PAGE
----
Virginia Gov. Terry McAuliffe (D) in Springfield on June 1. (Katherine Frey/The Washington Post)

Virginia Gov. Terry McAuliffe (D) has been dealt a huge blow by the Virginia Supreme Court, which, in a 4-3 ruling Friday, overturned his use of an executive order to restore voting rights to about 206,000 convicted felons.

The court’s decision creates chaos of all kinds, from legal uncertainty and bureaucratic nightmares to continued polarization of state politics, which, unfortunately, now looks like the Democratic governor’s legacy.

For years, governors read the state constitution to believe that any re-enfranchisement of voting rights for felons who have served their sentence must be done on an individual, case-by-case basis.

 

Backed by Attorney General Mark Herring (D) and A. E. “Dick” Howard, a constitutional scholar from the University of Virginia, McAullife in April used sweeping executive power to restore the voting rights of felons who had served their sentences, many of whom had completed their sentences a decade ago.

 

Nearly a quarter of the state’s black population can’t vote because of felony convictions, according to The Post. McAuliffe said his aim was to move the state away from the racism that had shrouded its history of slavery, Jim Crow laws and Massive Resistance to court-ordered school integration.

 

His major Republican opponents in the General Assembly, House Speaker William Howell of Stafford and Sen. Tommy Norment of Williamsburg, immediately launched a counter-attack.

 

They claimed that McAuliffe had used executive orders in a way that surpasses the state constitution and that his aim was to swell voting rolls with supporters of presumptive Democratic presidential nominee Hillary Clinton, whose vice presidential running mate is Sen. Tim Kaine of Virginia.

 

Now, the court has touched off a number of hot messes:

  •  So far, 11,662 convicted felons have had registered to vote. The court says that up to 13,000 voter registrations must be cancelled. Retaliating, McAuliffe has vowed to personally sign individual rights restorations for the first batch of 13,000, followed by the rest of the 193,000 or so, one by one. Rights groups say they are giving McAuliffe lots of pens and pencils to help him. In a statement, he said, “My faith remains strong in all of our citizens to choose their leaders, and I am prepared to back up that faith with my executive pen. The struggle for civil rights has always been a long and difficult one, but the fight goes on.”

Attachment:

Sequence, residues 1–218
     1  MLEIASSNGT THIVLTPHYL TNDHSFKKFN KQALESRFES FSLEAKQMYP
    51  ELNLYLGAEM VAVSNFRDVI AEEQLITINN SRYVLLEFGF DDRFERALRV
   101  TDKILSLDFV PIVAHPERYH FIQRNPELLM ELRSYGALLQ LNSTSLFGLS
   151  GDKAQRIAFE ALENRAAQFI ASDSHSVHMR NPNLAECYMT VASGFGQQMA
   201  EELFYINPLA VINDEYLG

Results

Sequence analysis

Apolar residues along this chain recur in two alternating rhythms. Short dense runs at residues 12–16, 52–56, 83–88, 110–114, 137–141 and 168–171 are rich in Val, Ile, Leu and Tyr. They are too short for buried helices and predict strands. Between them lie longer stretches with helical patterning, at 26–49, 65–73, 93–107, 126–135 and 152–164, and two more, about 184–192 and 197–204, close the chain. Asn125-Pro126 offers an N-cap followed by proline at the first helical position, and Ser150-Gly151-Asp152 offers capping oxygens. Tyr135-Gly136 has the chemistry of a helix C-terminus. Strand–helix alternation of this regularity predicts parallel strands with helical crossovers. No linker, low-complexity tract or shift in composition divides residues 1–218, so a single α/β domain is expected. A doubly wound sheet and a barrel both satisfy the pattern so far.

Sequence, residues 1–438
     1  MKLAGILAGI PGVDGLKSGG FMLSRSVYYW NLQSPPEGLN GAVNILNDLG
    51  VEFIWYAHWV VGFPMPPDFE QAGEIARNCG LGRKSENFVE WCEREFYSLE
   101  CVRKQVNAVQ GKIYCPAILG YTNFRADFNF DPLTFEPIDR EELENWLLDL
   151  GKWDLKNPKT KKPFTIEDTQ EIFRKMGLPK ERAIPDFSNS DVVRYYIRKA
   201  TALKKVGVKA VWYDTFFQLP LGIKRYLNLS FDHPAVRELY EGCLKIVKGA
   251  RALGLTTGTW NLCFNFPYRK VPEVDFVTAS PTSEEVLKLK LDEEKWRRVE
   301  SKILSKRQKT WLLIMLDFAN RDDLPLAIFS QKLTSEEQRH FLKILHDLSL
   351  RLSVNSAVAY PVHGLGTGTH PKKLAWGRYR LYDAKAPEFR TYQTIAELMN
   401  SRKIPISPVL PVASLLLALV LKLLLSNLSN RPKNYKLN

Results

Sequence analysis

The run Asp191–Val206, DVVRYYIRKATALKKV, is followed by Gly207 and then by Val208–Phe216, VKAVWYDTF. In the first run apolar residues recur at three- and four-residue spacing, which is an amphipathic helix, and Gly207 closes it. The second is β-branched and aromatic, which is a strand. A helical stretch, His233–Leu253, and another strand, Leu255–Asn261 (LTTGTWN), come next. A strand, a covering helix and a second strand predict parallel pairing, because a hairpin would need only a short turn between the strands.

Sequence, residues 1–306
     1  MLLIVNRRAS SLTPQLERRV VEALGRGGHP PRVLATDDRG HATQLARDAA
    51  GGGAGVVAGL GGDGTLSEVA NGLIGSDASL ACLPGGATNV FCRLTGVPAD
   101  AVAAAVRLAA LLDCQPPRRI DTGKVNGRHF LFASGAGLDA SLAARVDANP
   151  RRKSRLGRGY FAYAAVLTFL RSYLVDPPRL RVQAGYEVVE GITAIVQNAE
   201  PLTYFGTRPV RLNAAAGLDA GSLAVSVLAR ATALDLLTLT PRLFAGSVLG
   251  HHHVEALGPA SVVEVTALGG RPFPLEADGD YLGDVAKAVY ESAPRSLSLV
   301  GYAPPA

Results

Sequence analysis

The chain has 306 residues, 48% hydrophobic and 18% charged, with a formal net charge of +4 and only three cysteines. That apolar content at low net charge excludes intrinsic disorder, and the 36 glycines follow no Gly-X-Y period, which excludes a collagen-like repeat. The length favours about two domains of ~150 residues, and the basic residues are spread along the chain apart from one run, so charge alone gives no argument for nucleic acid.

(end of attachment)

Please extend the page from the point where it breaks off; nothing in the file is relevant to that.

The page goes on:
• The court’s decision was clearly split 4-3 on racial lines, with Justices Cleo E. Powell and S. Bernard Goodwyn, the only African Americans on the court, among the dissenters.
  • The Republican victory with the court ruling taints McAuliffe, a Clinton intimate who was once head of the Democratic National Committee. This may make campaigning harder for Clinton and Kaine in Virginia, a key swing state that had been looking pretty blue.
  • The fallout spills into Richmond mayoral politics. Among the top candidates is Levar Stoney, who, as McAuliffe’s secretary of the commonwealth, had overseen the rights restoration. Joe Morrissey, another Democrat with a flamboyant political history, is using the felons mess to attack Stoney, calling the young African American “inexperienced.”
  • The ruling injects a new kind of poison into the presidential campaign. GOP presidential nominee Donald J. Trump, manipulating a string of mass killings, has refocused himself as a “law and order” candidate.

This will hurt McAuliffe even more and, in state politics, means there will be no break in the political deadlock between the governor and the General Assembly — until there’s a new governor.

Peter Galuszka is a regular contributor to All Opinions Are Local.